Click Fraud Scheme Allowed Hackers to Make Off with Millions

Posted on November 28, 2018 at 4:55 PM

Click Fraud Scheme Allowed Hackers to Make Off with Millions

According to yesterday’s announcement coming from the US Justice Department and Google itself, a massive cybercriminal operation was finally taken offline. The operation infected over 1.7 million computers, forcing them to generate clicks on internet advertisement. This is a common type of fraud called ‘click fraud’, although it is usually done on a much larger scale. This particular operation ended up making tens of millions of dollars for those behind it.

Details of the click fraud

The name of this operation is “3ve” (Eve), and it involves an attack targeting Windows-based devices. Devices that get taken over are then modified in secret, for the purpose of visiting certain websites, and automatically clicking on the online advertisement.

The operation itself was large enough that the total number of clicks on targeted ads was between 3 billion and 12 billion per day. To achieve this, hackers employed a special malware strain named Kovter, which was spread via malicious email attachments and infected websites.

Kovter usually tricks the victim into downloading fake updates for Flash, Firefox, or Chrome, and once it infects a computer, it runs a hidden browser in the background. Researchers estimated that around 700,000 computers that run Windows system are infected by this malware at any given time.

In addition to using Kovter, researchers stated that 3ve operators also used another malware strain, named Boaxxe. This malware has the ability to controls computers in data centers remotely. Infected devices pretend to be desktops, but over time, they ended up masquerading as Android-based devices.

Most of the affected computers are based in North America and Europe, and they include corporate and home devices alike. This information was provided by both, Google, as well as a security company White Ops. Both companies also announced that 3ve is one of the biggest ad fraud schemes that were ever discovered.

Hackers even went a step further in order to generate more revenue, and have created thousands of fake websites, resembling popular domains. These fake web pages would then be downloaded on infected devices, and the click fraud would start. Advertisers wrongfully believed that their ads are being displayed on top websites, and the Justice Department claims that over $29 million was paid for ads that were never served to human consumers at all.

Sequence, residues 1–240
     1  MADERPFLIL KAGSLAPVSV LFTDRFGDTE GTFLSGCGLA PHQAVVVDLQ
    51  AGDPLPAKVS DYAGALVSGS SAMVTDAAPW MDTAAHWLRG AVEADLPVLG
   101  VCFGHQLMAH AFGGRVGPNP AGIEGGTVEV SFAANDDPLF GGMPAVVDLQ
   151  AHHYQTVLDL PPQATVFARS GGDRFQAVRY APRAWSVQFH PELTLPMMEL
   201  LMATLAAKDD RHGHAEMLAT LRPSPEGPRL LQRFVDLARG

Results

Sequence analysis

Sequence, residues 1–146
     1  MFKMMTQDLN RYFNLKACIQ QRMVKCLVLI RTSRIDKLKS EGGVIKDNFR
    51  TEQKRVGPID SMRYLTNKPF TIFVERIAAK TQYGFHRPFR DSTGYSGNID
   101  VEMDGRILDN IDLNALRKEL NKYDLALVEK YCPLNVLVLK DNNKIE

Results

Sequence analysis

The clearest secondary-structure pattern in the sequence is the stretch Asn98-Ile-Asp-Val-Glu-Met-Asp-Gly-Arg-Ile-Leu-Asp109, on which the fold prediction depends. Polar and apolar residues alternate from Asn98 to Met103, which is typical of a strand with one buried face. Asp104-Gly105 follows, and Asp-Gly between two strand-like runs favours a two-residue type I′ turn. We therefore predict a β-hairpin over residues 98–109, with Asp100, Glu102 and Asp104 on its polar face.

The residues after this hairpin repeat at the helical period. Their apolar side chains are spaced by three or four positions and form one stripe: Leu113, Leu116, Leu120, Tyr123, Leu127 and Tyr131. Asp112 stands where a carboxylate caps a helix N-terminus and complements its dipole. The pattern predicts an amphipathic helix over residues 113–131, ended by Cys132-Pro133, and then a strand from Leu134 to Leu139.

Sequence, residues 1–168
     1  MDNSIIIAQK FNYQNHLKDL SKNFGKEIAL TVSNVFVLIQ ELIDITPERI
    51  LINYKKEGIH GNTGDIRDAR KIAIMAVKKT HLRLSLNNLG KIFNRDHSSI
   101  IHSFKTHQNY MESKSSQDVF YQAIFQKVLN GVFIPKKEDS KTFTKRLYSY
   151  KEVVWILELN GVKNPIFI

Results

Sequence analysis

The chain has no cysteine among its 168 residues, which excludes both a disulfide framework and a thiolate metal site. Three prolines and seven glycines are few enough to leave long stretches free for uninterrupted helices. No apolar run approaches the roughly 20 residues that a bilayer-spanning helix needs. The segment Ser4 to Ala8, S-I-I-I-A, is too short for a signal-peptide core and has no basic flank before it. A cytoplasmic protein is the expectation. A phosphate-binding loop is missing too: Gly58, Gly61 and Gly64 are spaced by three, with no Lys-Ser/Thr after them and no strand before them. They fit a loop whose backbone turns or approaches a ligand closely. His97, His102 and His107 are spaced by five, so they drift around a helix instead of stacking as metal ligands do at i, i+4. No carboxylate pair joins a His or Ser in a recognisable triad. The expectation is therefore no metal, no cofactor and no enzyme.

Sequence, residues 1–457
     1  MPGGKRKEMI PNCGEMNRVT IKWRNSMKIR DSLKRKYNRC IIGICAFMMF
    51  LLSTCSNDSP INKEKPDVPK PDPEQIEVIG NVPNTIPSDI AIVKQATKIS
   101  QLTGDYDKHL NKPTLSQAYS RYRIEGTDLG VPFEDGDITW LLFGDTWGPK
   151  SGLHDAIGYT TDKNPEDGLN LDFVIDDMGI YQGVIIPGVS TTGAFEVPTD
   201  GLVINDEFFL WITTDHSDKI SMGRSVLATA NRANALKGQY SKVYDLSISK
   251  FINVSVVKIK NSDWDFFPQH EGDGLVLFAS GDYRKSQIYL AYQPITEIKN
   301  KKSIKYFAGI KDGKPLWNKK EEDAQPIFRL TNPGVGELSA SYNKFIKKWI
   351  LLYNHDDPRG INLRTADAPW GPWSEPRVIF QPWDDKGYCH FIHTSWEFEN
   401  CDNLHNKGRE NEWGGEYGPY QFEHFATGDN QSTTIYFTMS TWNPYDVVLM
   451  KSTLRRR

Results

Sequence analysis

Additional details regarding 3ve operation

According to some estimates, the 3ve operation was originally launched back in December 2015, and it remained undiscovered until recently. In order to successfully put a stop to it, the US authorities had to seize numerous domain names, as well as servers that hackers were using to control infected computers.

So far, federal investigators have shared that they suspect three individuals of running the entire operation. Two of them — Yevgeniy Timchenko and Sergey Ovsyannikov — were arrested in Estonia and Malaysia. The third suspect, Aleksandr Isaev, has yet to be located.

It is not yet clear how these particular suspects were identified in the first place. However, it is known that multiple cybersecurity companies assisted investigators, including Trend Micro, ESET, and Malwarebytes.

Another interesting detail is that the Justice Department unsealed indictments against additional five suspects in a separate case of a click fraud scheme. This other operation was named Methbot, and it involved renting out servers in a Texas-based data center. This fraud ended up forcing numerous businesses to pay over $7 million for ads that were also never actually displayed to human users.

Those suspecting that their computers might be affected by either of the two malware strains should run one of the free antivirus tools as soon as possible. Further information can be found here.

Summary
Click Fraud Scheme Allowed Hackers to Make Off with Millions
Article Name
Click Fraud Scheme Allowed Hackers to Make Off with Millions
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According to yesterday's announcement coming from the US Justice Department and Google itself, a massive cybercriminal operation was finally taken offline. The operation infected over 1.7 million computers, forcing them to generate clicks on internet advertisement.
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Koddos
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